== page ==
It's not the kind of stuff they teach you in civics courses but if there is a tough decision to be made, many times every effort will be used to make the decision in private first where the fur can fly and then trot it out for public consumption sans all the vitriol.
Which is why, some would argue, Resolution "O", which recently found its way out of a house committee, is not worth the paper it is written upon.
Many good government types have had it up to here with the University of Michigan which has been accused of hiding behind those closed doors to iron out their dirty laundry before going on stage. The U pleads not guilty.
Because the state constitution grants "autonomy" to the 15 universities, the courts have ruled the Open Meetings Law does not apply to them. Resolution "O" seeks to change that.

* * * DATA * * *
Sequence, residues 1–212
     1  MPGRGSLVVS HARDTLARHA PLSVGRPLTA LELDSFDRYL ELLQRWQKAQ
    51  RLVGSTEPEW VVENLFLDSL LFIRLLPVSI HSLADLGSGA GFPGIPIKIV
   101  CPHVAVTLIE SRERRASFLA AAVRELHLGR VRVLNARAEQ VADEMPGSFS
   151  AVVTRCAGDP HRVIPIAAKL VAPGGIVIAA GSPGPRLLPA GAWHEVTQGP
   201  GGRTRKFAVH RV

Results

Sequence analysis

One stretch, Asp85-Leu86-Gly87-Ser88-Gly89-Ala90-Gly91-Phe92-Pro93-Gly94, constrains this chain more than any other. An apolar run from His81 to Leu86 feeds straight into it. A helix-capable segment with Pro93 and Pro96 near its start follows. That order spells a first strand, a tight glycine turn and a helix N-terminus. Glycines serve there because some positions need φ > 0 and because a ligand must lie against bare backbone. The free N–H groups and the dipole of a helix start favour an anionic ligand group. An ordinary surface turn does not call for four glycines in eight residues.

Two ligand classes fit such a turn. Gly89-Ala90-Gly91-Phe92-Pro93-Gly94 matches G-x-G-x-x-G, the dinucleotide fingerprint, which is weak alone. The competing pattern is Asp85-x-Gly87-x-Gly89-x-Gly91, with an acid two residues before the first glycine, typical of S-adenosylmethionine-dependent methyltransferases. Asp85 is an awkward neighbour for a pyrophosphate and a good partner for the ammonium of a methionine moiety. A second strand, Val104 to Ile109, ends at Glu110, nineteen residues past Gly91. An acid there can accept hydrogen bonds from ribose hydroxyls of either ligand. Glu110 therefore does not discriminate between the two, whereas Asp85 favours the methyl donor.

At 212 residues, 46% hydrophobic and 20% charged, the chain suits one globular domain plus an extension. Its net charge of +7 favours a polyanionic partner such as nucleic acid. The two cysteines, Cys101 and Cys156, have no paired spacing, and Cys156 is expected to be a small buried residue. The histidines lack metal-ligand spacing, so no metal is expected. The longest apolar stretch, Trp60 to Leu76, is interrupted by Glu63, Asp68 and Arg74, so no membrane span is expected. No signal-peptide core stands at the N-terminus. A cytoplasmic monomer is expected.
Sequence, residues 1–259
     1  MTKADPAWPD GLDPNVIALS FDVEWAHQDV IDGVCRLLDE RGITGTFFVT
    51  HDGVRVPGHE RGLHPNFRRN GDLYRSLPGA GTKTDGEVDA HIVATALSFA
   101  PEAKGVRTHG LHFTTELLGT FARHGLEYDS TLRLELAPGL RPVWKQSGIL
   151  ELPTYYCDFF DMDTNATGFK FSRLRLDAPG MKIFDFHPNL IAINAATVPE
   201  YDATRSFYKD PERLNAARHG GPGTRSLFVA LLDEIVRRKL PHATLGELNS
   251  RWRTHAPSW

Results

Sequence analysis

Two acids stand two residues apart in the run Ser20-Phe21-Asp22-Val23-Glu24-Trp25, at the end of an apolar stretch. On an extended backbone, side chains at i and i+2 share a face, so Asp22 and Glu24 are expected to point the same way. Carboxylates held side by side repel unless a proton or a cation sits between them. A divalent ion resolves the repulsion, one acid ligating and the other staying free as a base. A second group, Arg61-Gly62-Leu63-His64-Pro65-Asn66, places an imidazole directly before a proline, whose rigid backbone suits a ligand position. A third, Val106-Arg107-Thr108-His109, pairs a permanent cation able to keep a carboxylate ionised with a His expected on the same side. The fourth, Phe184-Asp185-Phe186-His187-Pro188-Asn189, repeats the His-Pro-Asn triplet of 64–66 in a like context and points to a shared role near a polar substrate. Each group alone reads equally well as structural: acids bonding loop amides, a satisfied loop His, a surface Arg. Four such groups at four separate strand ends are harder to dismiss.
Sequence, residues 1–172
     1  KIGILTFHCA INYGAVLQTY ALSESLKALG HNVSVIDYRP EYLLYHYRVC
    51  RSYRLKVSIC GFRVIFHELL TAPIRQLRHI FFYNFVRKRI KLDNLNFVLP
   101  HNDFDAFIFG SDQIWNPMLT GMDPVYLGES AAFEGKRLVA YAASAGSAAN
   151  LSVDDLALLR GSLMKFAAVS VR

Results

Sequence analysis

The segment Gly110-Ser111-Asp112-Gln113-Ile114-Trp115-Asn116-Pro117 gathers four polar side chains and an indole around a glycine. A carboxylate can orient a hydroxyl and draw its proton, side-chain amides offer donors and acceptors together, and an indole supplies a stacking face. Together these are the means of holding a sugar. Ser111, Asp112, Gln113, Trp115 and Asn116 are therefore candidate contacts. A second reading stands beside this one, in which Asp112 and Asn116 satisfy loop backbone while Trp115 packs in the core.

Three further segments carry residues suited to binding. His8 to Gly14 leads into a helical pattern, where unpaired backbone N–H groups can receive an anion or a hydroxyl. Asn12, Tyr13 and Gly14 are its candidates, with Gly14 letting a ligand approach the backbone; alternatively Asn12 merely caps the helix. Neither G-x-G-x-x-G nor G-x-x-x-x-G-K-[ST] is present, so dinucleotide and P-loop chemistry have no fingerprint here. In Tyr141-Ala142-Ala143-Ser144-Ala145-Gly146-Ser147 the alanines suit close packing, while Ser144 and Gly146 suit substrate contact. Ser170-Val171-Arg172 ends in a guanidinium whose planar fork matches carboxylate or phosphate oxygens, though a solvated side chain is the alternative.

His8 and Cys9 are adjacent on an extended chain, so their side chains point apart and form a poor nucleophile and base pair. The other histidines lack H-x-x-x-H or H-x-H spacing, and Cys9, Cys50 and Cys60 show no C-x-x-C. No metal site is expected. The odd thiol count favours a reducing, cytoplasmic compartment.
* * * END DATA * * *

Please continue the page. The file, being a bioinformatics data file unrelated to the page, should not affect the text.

But what's good for the goose, etc. Which is why one of the committee members thought it would be a grand idea to apply the same Open Meetings law to the legislature itself.
In recent years, the leadership has ingeniously found a way to circumvent the committee system. For years it was one of the last bastions in the capitol where the media and citizens had a remote shot at seeing a decision in the making. And don't kid yourself, many times, those rulings were crafted behind closed doors, too.
But now to avoid those kind of public discussions, they've invented the "work group" system. These informal groups are hand picked by the leadership and may not only include legislators but a host of lobbyists and special interest groups that have a stake in the outcome of the debate on this item or that. And if you are a member of the media, just try to get into one of the session.
Reality check: You can legislative openness until the cows come home, but before they get home, the cows will find some place in the pasture to do their business out of the view of nosey reporters and citizens who care.